US President Barack Obama is not anti-Semitic. Far from that: He is friends with many Jews in the United States, and is therefore finding it difficult to understand our interest in a nation state.
He doesn’t hate Israel, but believes that if only Israel wanted to, if only Netanyahu decided, he could have made peace and be remembered in the pages of history. It’s a matter of faith, like Jesus walked on water.
Obama is not a Muslim, he is simply a radical liberal who believes in the good of man and believes everyone can be like that. When he spoke at the beginning of his first term at Cairo University about human rights and Islam as a religion of peace, he meant it wholeheartedly. That is the reason why he sought to contain, to avoid friction, to get closer.
It's not his fault that seven years later, Cairo has undergone a double revolution, hundreds of thousands have been massacred in the name of Islam, and an organization of bloodthirsty people called the Islamic State is beheading and executing (in the recent horrific act) 200 children in order to convey a message.
Obama is not stupid, and neither is Secretary of State John Kerry. They signed the nuclear agreement with the Iranian government after deciding it was time to quit the show. The US had no intention of militarily attacking Iran - not during George W. Bush's days and definitely not during Obama's term. All that was left was to find a ladder to climb down on.
After Afghanistan, Iraq and the historic shadow of the Vietnam War, the Americans have no passion left for major, distant wars. Obama, from his first day in office, after winning the Nobel Peace Prize, had no intention of launching wars.
There is nothing random in the decisions made by Obama since he took office, and there is no surprise either. Like Frank Sinatra, he did it his way even when the Israelis got in the way. And that's the entire difference between Washington and Jerusalem: The coincidence rule.
In Israel, wars develop randomly, senior government workers are appointed in a "bring-a-friend bonus" method, ministers are replaced within 24 hours and government fall surprisingly. If one of the stray rockets which occasionally land in the Negev hits a kindergarten, God forbid, a military operation will break out. If one terror attacks ends with major bloodshed, the strategy will change. Decisions are raised and dropped at the speed of a Facebook post. The unexpected exceeds the expected.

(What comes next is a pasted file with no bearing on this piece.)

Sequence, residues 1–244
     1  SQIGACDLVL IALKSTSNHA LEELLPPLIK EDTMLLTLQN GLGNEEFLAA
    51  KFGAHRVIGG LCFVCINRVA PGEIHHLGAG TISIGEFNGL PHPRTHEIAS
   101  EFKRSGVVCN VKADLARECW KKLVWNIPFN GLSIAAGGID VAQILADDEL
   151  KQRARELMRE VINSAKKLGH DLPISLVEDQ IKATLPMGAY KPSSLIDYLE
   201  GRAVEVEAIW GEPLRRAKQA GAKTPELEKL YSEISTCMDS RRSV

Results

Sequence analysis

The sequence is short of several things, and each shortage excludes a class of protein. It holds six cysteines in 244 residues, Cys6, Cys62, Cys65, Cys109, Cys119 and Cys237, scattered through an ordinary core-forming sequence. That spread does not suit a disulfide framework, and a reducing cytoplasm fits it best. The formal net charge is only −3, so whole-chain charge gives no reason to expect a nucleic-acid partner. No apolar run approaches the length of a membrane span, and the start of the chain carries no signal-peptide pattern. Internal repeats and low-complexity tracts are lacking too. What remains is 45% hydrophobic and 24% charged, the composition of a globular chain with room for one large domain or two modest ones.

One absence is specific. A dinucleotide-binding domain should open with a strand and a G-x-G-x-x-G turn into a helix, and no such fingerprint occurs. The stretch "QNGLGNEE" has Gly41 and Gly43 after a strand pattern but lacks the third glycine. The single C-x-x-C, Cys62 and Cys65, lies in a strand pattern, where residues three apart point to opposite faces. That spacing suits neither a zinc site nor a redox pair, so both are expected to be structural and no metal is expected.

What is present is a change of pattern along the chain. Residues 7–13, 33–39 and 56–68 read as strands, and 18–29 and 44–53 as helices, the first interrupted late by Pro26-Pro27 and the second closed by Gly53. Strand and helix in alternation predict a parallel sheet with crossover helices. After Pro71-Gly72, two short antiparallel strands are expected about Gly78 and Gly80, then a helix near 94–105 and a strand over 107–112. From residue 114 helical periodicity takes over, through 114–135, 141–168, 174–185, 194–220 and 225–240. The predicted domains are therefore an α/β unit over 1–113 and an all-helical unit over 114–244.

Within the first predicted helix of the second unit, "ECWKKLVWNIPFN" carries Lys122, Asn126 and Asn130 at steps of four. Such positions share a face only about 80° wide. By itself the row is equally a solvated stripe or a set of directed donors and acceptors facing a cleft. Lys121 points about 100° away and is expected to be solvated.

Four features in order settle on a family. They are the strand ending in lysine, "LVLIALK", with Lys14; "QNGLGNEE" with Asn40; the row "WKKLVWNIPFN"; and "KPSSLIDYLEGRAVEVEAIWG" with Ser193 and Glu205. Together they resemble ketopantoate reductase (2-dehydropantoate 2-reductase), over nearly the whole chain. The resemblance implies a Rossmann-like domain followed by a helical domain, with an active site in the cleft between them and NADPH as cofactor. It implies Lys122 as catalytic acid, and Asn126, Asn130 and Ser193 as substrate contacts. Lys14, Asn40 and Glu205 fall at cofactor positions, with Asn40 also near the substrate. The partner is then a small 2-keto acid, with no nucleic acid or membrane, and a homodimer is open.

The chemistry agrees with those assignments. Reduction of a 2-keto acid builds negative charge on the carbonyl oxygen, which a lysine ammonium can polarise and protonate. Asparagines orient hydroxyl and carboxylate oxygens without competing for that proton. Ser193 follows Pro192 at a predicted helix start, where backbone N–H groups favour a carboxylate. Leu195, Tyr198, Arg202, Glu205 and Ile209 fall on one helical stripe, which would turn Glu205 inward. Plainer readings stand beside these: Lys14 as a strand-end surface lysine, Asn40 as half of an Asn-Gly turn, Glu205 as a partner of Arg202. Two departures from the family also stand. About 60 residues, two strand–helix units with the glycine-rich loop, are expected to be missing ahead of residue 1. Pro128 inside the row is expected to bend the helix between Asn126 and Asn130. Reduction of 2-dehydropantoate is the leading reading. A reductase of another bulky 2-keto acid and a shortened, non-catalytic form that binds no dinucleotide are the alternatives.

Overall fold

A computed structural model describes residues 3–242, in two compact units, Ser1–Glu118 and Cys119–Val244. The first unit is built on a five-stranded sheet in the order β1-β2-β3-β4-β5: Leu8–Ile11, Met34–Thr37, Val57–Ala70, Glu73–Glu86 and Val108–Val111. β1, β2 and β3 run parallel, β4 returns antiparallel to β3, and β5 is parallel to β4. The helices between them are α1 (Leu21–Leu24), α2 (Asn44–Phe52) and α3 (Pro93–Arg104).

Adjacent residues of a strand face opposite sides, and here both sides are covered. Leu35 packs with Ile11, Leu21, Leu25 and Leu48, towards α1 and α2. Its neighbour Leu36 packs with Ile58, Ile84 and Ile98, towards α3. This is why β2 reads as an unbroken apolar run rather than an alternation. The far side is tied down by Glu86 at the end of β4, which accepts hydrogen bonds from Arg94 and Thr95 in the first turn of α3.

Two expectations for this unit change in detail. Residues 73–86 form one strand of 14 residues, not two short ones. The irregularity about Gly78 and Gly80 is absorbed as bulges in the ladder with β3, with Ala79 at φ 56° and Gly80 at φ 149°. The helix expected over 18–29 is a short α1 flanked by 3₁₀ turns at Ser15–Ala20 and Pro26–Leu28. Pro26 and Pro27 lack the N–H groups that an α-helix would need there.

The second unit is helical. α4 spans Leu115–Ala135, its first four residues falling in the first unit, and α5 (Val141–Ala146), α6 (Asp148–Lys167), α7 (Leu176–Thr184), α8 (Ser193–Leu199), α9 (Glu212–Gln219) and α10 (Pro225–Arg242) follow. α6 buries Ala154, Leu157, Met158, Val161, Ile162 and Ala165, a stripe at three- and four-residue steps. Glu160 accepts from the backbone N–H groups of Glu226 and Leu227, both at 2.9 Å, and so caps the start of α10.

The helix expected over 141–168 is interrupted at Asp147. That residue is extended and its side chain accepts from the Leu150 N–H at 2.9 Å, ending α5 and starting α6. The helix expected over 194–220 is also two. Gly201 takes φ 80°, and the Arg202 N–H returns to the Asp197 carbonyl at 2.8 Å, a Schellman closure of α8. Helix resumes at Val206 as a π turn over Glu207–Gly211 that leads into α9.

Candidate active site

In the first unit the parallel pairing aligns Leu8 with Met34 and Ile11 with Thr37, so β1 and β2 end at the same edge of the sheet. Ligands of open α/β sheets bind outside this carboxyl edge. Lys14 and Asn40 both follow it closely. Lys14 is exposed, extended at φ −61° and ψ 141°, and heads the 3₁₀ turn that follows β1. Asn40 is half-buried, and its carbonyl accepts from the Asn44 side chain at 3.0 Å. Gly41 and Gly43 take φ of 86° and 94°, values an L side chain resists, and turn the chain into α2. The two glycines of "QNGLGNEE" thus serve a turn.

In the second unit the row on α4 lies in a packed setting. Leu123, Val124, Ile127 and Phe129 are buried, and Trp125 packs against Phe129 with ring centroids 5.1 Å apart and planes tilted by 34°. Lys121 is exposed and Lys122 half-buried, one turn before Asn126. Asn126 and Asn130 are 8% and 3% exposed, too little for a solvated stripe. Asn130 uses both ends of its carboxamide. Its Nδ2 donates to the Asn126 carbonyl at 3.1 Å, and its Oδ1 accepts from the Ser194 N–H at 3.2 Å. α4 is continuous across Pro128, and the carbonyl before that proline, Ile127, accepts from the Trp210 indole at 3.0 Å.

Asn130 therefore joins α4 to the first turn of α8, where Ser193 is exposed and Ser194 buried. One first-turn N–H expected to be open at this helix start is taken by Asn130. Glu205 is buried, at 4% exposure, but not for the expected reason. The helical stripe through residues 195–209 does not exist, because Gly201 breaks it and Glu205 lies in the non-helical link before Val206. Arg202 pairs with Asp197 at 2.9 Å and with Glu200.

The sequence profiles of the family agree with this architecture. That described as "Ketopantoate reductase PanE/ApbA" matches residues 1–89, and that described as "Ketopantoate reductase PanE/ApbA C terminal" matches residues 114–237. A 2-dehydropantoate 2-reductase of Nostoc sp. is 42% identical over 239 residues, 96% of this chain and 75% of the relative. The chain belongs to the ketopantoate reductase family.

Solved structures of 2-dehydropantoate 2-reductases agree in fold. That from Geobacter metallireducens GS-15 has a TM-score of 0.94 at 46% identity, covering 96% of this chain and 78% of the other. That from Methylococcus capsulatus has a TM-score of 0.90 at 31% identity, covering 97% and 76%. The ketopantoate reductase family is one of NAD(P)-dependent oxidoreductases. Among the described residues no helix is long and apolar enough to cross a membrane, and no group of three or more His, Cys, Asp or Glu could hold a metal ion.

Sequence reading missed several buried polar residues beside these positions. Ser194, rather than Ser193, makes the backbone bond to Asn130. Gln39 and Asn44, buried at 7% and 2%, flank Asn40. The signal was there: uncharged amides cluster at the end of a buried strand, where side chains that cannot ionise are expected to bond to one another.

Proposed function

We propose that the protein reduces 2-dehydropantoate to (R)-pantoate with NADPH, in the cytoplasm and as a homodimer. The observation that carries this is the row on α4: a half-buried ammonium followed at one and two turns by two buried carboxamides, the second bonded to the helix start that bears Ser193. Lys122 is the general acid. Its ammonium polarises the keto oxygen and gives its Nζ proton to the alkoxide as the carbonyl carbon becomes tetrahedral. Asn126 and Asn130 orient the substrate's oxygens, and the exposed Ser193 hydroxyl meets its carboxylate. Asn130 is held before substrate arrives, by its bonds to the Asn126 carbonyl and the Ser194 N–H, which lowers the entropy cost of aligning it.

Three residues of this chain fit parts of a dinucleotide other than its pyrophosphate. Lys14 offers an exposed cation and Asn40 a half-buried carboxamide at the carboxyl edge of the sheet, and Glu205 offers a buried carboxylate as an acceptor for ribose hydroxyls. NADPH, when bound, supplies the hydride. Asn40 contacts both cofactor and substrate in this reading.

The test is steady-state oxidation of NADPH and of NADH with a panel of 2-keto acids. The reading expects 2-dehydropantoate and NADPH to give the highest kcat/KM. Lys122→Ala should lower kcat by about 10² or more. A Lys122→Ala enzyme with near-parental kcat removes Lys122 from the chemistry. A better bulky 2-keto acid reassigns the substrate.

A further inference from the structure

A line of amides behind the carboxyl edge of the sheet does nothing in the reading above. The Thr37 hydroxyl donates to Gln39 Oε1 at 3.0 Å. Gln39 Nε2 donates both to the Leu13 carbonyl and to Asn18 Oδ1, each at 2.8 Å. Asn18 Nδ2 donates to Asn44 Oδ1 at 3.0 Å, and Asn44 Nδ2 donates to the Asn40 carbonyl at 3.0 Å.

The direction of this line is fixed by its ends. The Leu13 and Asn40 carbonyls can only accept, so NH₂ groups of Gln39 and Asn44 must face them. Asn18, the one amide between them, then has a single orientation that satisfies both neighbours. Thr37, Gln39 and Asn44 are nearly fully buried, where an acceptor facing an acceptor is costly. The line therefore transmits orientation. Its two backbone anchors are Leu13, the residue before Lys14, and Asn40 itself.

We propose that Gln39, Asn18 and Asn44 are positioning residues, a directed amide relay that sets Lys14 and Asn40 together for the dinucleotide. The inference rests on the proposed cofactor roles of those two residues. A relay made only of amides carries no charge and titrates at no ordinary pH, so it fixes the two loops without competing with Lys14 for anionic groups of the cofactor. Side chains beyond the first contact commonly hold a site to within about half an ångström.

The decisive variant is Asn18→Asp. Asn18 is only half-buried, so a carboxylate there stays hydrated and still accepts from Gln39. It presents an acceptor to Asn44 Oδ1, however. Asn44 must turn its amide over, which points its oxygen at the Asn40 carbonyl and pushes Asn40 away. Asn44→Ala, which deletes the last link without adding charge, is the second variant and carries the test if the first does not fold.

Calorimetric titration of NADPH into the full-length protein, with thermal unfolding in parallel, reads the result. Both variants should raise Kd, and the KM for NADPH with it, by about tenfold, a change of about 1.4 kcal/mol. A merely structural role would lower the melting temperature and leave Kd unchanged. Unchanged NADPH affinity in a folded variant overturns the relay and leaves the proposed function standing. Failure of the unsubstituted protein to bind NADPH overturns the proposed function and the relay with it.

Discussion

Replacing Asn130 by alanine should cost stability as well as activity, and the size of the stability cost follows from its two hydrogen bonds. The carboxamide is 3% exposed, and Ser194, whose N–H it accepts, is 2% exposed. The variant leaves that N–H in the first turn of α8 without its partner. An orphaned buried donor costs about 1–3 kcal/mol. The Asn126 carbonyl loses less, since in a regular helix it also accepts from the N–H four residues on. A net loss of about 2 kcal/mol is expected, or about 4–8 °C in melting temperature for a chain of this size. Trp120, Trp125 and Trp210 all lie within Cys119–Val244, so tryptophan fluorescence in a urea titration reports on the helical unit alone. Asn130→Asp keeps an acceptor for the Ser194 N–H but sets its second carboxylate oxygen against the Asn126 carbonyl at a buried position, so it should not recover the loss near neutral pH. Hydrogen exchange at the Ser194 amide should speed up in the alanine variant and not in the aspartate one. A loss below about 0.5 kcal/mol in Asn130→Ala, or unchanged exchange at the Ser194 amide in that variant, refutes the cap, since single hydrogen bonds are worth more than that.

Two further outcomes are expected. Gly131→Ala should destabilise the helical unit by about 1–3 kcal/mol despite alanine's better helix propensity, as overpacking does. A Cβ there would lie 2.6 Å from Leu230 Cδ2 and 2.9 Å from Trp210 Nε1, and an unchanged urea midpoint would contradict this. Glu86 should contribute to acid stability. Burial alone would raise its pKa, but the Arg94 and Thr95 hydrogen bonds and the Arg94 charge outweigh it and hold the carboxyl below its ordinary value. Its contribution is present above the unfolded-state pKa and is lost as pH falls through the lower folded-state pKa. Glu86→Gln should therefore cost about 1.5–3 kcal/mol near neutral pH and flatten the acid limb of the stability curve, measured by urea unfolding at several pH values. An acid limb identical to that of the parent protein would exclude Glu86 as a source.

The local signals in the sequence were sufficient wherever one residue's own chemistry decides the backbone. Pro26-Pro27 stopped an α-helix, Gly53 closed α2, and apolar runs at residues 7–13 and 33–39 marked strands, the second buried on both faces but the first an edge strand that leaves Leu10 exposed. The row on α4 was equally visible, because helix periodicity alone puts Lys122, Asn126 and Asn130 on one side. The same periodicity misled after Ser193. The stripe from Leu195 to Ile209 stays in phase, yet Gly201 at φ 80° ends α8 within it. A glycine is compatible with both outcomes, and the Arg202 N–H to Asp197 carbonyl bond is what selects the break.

Not in America. Not with Obama. There, it's the other way around: There is nothing random in the agreement with Iran, and there is nothing emotional or hasty in regards to Israel. There are only interests. There have always been only interests.
After seven years in the White House, Monday's meeting between Netanyahu and Obama appeared to be the first in which the two tasted from the tree of knowledge. There is no joy like relieving uncertainties, people here say. Joy is probably not the right word to describe Monday evening's meeting, but it was undoubtedly held after a long process of relieving uncertainties.
If Netanyahu thought the Americans would do Israel's job vis-à-vis Iran, he discovered he was wrong. if he thought the Israeli or Saudi desires in the battle against Iran were important, he discovered that the important thing was the US interests.
Netanyahu isn't fond of Obama, and the American president isn't fond of him. Those are the facts of life. The answers to the questions whose fault is it and who started it are not that important. President Bush was fond of Prime Minister Ehud Olmert, but in 2007, when Olmert and Mossad chief Meir Dagan came to him with the idea to attack the nuclear reactor in Syria, he sent them to the International Atomic Energy Agency (IAEA). In other words, he threw them out to figure it out themselves. Affection is not the story in Washington, and neither is mutual animosity.
There are no uncertainties left in regards to the Palestinians either. If Obama thought that Netanyahu was planning a long-term move for peace, he has already realized it won't happen during his term. The rounds of negotiations held with the Palestinians in the past seven years were just as random as the wars with them. Netanyahu says "two states for two people" and stresses that the Palestinian state will be demilitarized, but he is referring to a completely different version than the one Obama means.
The relationship between the two is professional and courteous, US Ambassador to Israel Dan Shapiro said. In other words, there is no love affair and there are no major interests they can agree on or fight about. All that remains is the show.